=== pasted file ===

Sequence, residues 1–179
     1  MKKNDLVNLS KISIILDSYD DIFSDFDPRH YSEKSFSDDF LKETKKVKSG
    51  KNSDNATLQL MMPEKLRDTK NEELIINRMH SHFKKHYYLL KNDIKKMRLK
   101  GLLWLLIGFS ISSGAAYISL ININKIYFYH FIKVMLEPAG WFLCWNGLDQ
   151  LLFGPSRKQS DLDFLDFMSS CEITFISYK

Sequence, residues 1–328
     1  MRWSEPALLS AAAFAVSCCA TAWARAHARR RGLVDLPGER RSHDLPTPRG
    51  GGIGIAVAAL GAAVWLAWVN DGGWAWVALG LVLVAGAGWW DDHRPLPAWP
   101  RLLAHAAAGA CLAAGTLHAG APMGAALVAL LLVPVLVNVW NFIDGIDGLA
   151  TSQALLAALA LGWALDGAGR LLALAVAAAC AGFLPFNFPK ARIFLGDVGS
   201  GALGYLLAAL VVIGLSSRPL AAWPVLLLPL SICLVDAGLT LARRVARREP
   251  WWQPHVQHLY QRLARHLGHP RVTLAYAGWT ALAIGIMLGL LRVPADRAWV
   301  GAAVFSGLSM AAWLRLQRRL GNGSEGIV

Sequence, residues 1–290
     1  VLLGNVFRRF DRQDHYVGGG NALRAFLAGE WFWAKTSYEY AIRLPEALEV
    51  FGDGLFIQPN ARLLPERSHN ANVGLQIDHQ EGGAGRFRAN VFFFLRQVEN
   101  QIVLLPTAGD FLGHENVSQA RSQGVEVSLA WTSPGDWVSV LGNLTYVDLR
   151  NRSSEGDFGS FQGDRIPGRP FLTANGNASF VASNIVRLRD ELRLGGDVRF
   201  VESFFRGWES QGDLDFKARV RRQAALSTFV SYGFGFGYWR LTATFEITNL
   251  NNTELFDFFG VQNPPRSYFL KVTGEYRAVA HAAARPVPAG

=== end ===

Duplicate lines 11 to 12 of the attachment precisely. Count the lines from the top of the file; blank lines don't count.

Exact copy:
   201  GALGYLLAAL VVIGLSSRPL AAWPVLLLPL SICLVDAGLT LARRVARREP
   251  WWQPHVQHLY QRLARHLGHP RVTLAYAGWT ALAIGIMLGL LRVPADRAWV